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M.A. Ellis and S.A. Miller

A commercially available serological assay kit (flow-through enzyme-linked immunosorbent assay, Phytophthora F kit) was compared to a culture-plate method for detecting Phytophthora spp. in apparently diseased (phytophthora root rot) and apparently healthy red raspberry (Rubus idaeus subsp. strigosus Michx.) plants. During 4 years of testing, 46 tests were conducted on apparently diseased roots. All diseased plants gave a strong positive reaction, a result indicating that Phytophthora spp. were present. Of the 46 plants that tested positive, Phytophthora spp. were recovered from all but one using a selective medium for Phytophthora and the culture-plate method. When the same test was conducted on 27 apparently healthy plants, all had a negative reaction for the presence of Phytophthora except one sample, which had a slight positive reaction. No Phytophthora spp. were isolated from any apparently healthy plants. Our results indicate that the serological test kit enables rapid, dependable, on-site diagnosis of raspberry phytophthora root rot.

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John A. Menge, Greg W. Douhan, Brandon McKee, Elinor Pond, Gary S. Bender, and Ben Faber

losses of over $40 million ( Coffey, 1992 ). The use of tolerant rootstocks to control Phytophthora root rot (PRR) of avocado has long been proposed as the ultimate method for managing the disease ( Zentmyer, 1957 , 1963 ) and research on developing PRR

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John R. Yeo, Jerry E. Weiland, Dan M. Sullivan, and David R. Bryla

Phytophthora cinnamomi is a highly virulent root rot pathogen of highbush blueberry and is present in most growing regions worldwide ( Strik and Yarborough, 2005 ; Zentmyer, 1980 ). Symptoms of infection include poor shoot growth, root necrosis

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Chrislyn Ann Particka and James F. Hancock

Black root rot (BRR) is a widespread disease of strawberry that causes the death of feeder roots and the degradation of structural roots resulting in an overall decrease in productivity ( Maas, 1998 ). By the 1950s, BRR had been reported in many

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S.L. Krebs

Root rot caused by the soil-borne pathogen Phytophthora cinnamomi is one of the deadliest and most costly diseases in rhododendron culture. Unfortunately, the majority of cultivars appear to be susceptible to this fungus. Host resistance does occur, but it represents a tolerance of rather than immunity from the disease. A breeding program has been initiated to develop a broader array of root rot resistant cultivars and to determine the genetic basis for resistance. Greenhouse inoculations and screenings of 48 contemporary cultivars yielded seven clones with moderate to high levels of resistance to P. cinnamomi. Protocols for evaluation at the seedling stage were developed in order to screen large breeding populations of about 200 seedlings per cross. Root rot tolerance appears to have low-moderate heritability in these rhododendron populations. Groups of progeny with one resistant parent had a slower mortality rate and higher survivorship (avg. 10%) after 2 months of disease pressure than crosses in which both parents were susceptible (0 survivorship). A recurrent selection strategy is planned to increase the frequency of alleles for resistance in breeding populations of rhododendrons.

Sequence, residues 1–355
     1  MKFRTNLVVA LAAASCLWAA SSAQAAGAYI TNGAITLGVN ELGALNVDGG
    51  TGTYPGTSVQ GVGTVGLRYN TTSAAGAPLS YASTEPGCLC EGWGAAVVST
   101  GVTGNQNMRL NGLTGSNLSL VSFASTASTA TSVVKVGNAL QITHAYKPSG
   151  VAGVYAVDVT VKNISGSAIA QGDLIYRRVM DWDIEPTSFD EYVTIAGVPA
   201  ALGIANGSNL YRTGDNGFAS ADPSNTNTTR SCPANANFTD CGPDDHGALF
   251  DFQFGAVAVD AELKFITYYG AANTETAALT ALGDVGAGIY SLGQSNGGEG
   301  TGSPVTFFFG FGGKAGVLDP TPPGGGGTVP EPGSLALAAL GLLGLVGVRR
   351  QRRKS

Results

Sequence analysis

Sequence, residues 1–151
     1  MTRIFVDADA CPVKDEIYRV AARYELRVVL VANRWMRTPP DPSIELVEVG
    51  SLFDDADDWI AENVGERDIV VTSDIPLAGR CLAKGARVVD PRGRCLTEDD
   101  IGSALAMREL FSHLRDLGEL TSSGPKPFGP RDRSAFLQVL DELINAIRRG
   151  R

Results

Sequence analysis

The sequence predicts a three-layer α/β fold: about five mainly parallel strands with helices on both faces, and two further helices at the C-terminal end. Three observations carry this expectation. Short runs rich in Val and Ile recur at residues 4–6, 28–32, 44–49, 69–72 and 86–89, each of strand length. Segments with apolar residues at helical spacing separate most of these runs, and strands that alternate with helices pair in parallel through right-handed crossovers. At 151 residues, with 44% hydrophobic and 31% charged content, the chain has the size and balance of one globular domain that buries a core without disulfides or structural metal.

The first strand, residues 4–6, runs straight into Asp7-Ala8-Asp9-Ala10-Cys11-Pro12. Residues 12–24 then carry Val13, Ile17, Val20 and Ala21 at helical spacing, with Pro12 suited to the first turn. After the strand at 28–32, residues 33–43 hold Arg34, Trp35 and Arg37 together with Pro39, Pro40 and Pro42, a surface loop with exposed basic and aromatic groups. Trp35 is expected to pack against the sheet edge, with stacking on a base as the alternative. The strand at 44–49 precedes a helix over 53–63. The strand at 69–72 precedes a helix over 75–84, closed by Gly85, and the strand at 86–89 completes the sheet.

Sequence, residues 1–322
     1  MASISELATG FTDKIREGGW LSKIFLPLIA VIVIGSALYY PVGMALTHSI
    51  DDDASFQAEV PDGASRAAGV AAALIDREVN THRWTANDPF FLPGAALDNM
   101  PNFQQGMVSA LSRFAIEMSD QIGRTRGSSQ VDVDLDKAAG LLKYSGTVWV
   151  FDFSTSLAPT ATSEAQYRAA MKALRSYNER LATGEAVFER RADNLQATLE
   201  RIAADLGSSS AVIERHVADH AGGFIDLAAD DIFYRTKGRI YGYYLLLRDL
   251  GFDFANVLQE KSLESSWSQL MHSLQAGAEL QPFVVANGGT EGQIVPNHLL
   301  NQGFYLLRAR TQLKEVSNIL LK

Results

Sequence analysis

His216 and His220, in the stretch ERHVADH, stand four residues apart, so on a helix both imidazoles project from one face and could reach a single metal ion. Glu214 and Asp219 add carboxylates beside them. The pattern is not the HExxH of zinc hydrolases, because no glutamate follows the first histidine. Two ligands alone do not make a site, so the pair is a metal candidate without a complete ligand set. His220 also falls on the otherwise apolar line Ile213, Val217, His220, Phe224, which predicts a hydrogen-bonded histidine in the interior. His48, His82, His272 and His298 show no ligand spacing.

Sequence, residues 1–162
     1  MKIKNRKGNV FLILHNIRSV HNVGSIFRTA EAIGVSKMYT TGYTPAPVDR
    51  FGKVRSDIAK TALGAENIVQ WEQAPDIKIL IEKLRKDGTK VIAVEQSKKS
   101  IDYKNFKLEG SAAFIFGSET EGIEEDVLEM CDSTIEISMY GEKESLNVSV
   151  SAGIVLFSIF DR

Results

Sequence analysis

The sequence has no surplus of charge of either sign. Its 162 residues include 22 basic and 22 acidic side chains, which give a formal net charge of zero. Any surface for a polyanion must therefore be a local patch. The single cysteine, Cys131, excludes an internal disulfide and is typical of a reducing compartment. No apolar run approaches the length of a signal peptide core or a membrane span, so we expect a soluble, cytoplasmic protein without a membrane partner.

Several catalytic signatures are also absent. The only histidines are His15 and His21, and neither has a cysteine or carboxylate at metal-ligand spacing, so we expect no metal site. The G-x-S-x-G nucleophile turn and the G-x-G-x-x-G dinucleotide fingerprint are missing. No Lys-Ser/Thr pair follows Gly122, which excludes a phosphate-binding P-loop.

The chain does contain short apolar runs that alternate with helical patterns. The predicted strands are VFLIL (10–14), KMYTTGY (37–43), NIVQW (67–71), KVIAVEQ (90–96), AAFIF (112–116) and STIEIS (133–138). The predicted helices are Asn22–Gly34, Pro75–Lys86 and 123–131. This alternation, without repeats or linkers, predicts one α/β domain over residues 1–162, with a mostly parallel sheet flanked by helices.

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Emma C. Lookabaugh, Brian Whipker, and Barbara B. Shew

Pythium root rot is one of the most common diseases of commercially grown poinsettia and P. aphanidermatum is the predominant species causing pythium root rot in North Carolina ( Lookabaugh et al., 2015 ). Under favorable environmental conditions

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Wendy K. Hoashi-Erhardt, Patrick P. Moore, Gwenyth E. Windom, and Peter R. Bristow

Root rot caused by the persistent soilborne oomycete Phytophthora fragariae var. rubi is a serious disease of red raspberry in the Pacific Northwest and worldwide. It can decrease the vigor and yield of raspberry plantings and require

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Rachel P. Naegele and Mary K. Hausbeck

., 2012b ; Parada-Rojas and Quesada-Ocampo, 2019 ). Host resistance to diverse isolates of P. capsici is an important management tactic and a focus for pepper ( Capsicum annuum ) breeding programs globally. In pepper, the pathogen can cause root rot

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Sangho Jeon, Charles S. Krasnow, Gemini D. Bhalsod, Blair R. Harlan, Mary K. Hausbeck, Steven I. Safferman, and Wei Zhang

, 2013 ; Stanghellini et al., 1996a , 1996b ). Pythium root rot causes plant stunting, wilt, and death and can also reduce horticultural quality of infected crops ( Tompkins and Middleton, 1950 ). The pathogen can become established in a greenhouse

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Kyle E. LaPlant, Gregory Vogel, Ella Reeves, Christine D. Smart, and Michael Mazourek

are cultivated for food as immature fruit (summer squash) and mature fruit (winter squash and processing pumpkins), and they are also grown for fall decorations, such as jack-o’-lanterns and gourds ( Paris, 2016 ). Phytophthora crown and root rot